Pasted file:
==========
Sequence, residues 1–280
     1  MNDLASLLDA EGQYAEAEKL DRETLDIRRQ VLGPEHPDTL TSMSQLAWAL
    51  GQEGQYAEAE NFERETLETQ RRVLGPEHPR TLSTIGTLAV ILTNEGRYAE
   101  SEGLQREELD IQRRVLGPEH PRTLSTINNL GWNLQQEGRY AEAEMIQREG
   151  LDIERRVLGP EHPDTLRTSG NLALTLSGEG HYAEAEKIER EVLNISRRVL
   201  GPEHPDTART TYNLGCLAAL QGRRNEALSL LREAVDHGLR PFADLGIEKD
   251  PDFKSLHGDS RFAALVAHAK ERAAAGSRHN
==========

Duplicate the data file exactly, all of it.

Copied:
Sequence, residues 1–280
     1  MNDLASLLDA EGQYAEAEKL DRETLDIRRQ VLGPEHPDTL TSMSQLAWAL
    51  GQEGQYAEAE NFERETLETQ RRVLGPEHPR TLSTIGTLAV ILTNEGRYAE
   101  SEGLQREELD IQRRVLGPEH PRTLSTINNL GWNLQQEGRY AEAEMIQREG
   151  LDIERRVLGP EHPDTLRTSG NLALTLSGEG HYAEAEKIER EVLNISRRVL
   201  GPEHPDTART TYNLGCLAAL QGRRNEALSL LREAVDHGLR PFADLGIEKD
   251  PDFKSLHGDS RFAALVAHAK ERAAAGSRHN